environmental activities with its business purpose and values (Rangan, Chase, Karim, 2015). Furthermore, it is also important to consider that perhaps the increasing pressure to frame CSR as a business discipline, and the expectation that every initiative deliver business results is asking too much of CSR, distracting from its main goal (Rangan et al. 2015). Contrastingly, the concept of creating shared value (CSV) can perhaps serve as an alternative, as it equally focuses on creating economic value and social value. This next section will introduce the concept of CSV, and expand on why it might be an alternative that provides enough compromise for CSR critiques.

2.2 Creating Shared Value

2.2.1 Introduction to Creating Shared Value (CSV)

A relatively new approach to socially responsible business practices has been introduced – the concept of creating shared value (CSV). CSV is a rather novel concept, contending that societal progress is at the heart of a company’s economic success, and tending to society’s issues leads to ample opportunities for improved competitiveness and value creation of the organization (Lapiņa, Borkus, & Stariņeca, 2012). According to Porter and Kramer (2011), shared value creation is a way of re-connecting a company with the society it is rooted in, through identifying and expanding the connections between societal and economic progress. Essentially, this means recognizing societal needs not as strictly a burden on the business that only brings higher costs, but as a way to improve business performance while creating added value for society as well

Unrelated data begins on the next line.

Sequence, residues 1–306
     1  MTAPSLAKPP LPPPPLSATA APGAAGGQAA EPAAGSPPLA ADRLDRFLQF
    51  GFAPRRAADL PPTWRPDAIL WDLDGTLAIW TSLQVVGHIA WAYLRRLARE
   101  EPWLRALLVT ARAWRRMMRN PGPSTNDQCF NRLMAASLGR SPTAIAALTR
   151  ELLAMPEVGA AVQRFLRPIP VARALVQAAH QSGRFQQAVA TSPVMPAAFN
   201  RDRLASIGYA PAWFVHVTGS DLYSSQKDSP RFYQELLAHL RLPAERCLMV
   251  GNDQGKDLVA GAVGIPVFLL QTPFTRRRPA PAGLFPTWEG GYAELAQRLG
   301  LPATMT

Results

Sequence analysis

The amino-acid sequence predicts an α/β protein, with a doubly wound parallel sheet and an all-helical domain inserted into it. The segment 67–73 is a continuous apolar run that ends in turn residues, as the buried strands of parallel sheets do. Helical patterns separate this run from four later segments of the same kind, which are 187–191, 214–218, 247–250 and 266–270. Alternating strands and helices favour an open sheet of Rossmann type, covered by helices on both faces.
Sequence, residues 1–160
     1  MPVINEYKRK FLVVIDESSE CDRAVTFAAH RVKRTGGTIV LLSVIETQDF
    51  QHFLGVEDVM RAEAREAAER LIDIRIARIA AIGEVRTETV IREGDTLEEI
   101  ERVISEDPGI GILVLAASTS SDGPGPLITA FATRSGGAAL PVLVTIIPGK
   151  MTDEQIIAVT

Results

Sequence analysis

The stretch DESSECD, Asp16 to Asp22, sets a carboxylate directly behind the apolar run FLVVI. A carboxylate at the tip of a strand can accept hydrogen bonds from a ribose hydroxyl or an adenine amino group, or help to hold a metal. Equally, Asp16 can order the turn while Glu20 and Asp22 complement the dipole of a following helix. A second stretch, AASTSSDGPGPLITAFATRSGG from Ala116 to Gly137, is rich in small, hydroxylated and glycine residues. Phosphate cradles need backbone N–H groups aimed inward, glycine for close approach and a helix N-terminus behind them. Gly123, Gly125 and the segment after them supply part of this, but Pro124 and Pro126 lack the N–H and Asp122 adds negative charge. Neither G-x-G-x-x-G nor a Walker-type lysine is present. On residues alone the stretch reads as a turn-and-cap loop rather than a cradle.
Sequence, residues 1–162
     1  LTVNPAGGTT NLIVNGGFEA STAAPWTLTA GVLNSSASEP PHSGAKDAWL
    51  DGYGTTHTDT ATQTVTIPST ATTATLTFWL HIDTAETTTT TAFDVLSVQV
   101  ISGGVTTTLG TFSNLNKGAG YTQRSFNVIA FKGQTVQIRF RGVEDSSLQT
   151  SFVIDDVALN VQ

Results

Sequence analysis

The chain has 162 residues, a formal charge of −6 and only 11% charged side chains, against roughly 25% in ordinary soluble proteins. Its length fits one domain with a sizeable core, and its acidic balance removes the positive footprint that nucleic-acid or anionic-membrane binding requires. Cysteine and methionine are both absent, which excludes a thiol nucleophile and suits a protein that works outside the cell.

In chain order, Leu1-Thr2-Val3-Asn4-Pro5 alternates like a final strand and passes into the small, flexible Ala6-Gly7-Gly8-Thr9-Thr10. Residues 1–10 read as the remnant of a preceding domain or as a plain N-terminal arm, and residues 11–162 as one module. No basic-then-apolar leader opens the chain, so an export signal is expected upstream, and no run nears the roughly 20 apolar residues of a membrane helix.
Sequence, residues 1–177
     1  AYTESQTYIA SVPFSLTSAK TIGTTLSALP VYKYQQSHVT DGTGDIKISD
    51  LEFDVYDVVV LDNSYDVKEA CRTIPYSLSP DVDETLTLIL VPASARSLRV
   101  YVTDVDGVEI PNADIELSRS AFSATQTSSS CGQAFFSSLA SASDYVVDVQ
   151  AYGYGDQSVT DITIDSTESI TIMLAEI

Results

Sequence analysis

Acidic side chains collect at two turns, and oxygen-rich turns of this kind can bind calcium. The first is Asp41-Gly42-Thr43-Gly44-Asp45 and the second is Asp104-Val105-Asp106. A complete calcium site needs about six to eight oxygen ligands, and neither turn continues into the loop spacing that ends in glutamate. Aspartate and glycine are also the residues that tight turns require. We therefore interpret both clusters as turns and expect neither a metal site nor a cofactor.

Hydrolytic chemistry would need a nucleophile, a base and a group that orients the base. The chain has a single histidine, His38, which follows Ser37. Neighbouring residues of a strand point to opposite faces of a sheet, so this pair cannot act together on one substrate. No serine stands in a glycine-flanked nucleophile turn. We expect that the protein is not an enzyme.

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(Lapina et al., 2012). A “CSV company” no longer thinks of profitability only, but rather focuses on achieving sustainable competitiveness through simultaneously delivering positive impact. Furthermore, CSV seeks to address the task of regaining trust in business in a current age of distrust (Porter & Kramer, 2011). It is a disruptive scenario in its simplicity, because it

challenges the preconceived notion of capitalism, where business growth is largely inconsistent with the idea of sustainability; a zero-sum game in that it exploits the majority of the working class, prioritizes profit over social good, natural resources and the environment, which in recent decades has damaged the link between companies and the communities in which they operate (Starace, 2017). Moreover, CSV has garnered vast attention in the business community and among management scholars and educators (Crane et al., 2014).